I was recently invited to interview for a gig answering questions via live chat for fifty cents a minute. What struck me about this was that I was contacted in my capacity as a scholar of world religions and, indeed, my interview included me responding to a number of prompts such as “What caused the Sunni/Shiite split?” Who, I wondered, is paying something, perhaps, on the order of a dollar a minute to ask these kinds of questions? I could see spending that money to ask a medical professional if your problem warrants seeing a doctor (who will charge you much more), or a legal professional if you should involve an attorney (who will also charge you much more) in your case. This would be prudent fact finding. I could also see the independently wealthy and idly curious taking a moment at a bus stop to ask things like “What makes storm clouds so dark?” or “Who invented windshield wipers?” but nobody idly wonders about Islamic history at bus stops—at least, nobody who isn’t the kind of person you would be interviewing to be on the answering end of such a service anyway.
The answer to my idle wondering, I figured, is probably students—students getting way too much money at college from mommy and daddy and having been sent there with a tragic deficit in functional literacy. I described these students at high school in my last post, utterly dependent on a search engine to answer a question for them, and ultimately unable to determine for themselves if the answer they have received is even relevant. The collapse of functional literacy had been an anecdotal observation on my part; here, in this interview, was somebody whose market research had suggested it would be an enduring business opportunity.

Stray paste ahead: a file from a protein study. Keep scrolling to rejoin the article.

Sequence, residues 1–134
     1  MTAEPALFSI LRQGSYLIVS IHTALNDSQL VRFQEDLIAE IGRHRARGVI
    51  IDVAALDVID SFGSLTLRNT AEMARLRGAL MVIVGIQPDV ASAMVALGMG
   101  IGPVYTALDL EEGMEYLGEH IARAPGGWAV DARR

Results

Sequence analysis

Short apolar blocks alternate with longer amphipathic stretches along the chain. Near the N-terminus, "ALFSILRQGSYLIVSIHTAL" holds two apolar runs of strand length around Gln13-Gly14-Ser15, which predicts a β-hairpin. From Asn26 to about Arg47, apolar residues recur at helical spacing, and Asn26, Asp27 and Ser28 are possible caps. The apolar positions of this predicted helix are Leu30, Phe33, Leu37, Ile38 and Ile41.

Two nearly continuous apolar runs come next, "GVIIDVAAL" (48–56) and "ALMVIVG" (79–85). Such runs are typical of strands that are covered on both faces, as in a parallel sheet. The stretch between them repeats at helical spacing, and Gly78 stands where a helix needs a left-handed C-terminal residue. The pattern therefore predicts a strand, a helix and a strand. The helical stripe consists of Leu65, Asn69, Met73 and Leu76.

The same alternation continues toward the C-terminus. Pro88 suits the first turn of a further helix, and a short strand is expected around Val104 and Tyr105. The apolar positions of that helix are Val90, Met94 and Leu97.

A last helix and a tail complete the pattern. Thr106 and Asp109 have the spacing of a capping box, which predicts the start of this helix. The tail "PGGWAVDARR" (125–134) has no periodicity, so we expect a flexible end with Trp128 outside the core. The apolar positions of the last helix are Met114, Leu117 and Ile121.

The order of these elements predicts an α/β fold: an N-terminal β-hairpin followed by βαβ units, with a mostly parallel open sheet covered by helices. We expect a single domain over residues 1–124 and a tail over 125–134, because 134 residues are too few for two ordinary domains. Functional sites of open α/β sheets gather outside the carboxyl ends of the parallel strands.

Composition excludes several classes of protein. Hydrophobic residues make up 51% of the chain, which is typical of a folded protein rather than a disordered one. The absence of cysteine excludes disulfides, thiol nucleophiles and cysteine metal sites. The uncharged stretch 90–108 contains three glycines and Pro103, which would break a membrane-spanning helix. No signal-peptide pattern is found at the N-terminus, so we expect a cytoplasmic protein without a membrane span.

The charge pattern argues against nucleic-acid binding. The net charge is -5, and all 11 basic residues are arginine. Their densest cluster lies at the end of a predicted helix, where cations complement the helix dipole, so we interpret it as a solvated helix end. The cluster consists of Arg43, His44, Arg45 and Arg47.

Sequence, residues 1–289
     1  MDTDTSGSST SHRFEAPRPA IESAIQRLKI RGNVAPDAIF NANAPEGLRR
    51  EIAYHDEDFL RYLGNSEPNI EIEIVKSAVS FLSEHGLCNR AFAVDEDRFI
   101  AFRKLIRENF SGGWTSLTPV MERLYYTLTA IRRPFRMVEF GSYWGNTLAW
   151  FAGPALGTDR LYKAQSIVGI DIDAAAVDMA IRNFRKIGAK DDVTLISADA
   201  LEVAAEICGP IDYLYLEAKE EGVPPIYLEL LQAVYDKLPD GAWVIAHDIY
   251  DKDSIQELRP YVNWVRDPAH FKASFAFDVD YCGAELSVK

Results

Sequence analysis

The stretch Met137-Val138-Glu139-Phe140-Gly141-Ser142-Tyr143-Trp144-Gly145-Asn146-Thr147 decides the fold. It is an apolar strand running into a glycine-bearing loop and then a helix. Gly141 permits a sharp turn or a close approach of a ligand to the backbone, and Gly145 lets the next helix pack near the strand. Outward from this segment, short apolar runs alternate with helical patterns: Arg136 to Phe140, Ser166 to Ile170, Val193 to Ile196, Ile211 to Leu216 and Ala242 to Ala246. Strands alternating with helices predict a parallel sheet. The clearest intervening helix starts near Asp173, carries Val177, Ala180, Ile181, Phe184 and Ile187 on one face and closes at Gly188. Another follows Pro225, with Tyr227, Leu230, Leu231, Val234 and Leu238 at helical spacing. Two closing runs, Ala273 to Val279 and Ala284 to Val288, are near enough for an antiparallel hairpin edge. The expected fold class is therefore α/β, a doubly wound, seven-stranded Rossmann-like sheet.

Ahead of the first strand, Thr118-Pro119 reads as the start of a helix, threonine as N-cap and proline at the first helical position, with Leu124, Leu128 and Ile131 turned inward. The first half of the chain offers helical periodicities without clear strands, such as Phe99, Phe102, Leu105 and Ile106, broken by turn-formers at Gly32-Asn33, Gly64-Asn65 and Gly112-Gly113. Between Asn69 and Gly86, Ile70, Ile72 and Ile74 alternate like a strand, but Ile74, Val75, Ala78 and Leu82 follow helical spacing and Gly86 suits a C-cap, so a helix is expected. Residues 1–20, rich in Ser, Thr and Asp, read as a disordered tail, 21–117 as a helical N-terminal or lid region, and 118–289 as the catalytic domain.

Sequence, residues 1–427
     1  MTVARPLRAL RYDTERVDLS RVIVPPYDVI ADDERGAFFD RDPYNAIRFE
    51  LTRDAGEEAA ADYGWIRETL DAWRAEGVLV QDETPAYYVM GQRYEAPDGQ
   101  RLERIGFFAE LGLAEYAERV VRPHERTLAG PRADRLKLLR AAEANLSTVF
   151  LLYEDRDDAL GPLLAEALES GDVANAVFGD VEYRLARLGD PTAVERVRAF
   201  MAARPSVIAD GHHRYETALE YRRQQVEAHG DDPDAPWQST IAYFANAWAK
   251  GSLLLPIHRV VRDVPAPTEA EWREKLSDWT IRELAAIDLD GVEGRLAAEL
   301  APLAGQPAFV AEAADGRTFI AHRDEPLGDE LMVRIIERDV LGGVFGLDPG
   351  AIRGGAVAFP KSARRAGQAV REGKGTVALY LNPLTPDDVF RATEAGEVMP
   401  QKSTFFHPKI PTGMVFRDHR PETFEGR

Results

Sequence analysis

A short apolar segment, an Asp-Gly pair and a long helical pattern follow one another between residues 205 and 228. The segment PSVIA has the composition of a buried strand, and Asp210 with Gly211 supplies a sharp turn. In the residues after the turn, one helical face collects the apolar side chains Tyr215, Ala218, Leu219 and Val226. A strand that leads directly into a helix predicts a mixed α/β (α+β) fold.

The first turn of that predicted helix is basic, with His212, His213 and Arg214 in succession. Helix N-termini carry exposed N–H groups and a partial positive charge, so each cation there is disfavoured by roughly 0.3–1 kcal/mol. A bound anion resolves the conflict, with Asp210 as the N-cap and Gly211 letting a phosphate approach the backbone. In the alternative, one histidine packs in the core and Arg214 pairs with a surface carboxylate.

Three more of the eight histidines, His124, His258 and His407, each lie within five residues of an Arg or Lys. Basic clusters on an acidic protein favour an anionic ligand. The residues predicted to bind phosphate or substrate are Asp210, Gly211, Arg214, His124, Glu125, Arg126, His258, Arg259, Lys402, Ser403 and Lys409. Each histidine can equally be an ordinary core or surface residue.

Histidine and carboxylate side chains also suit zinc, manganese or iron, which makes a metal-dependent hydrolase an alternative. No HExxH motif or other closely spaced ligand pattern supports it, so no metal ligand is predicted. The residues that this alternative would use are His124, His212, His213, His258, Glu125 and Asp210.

I don’t wish to be misunderstood. Basic literacy—the ability to decode letters for their sounds and determine what word is represented—will probably remain at the 99+% mark in the “first world” for many, many years to come. Functional literacy is something deeper—the ability to really understand what you have read, to parse the argument an author is making, to relate its constituent parts to your own pre-existing knowledge, to rework the ideas offered in light of your own reasoning and respond to them effectively. Basic literacy is about whether you know what words have been written; functional literacy is about whether you understand why they have been written, and can give an informed opinion about whether they could, or should, be written differently.
It is this skill that my high schoolers lack, and that some portion of the users of this new app apparently lack as well. All of which prompted me to wonder, have we passed the point of peak literacy? Will this skill ever return to the broadly distributed societal levels we saw between the late 19th century and the two World Wars? There are a few reasons that I think the answer may well be no.
- Outsourcing and Automation of Intellectual Labor
- The Growth of Multimedia
- Changing Concepts of the Purpose of Public Schooling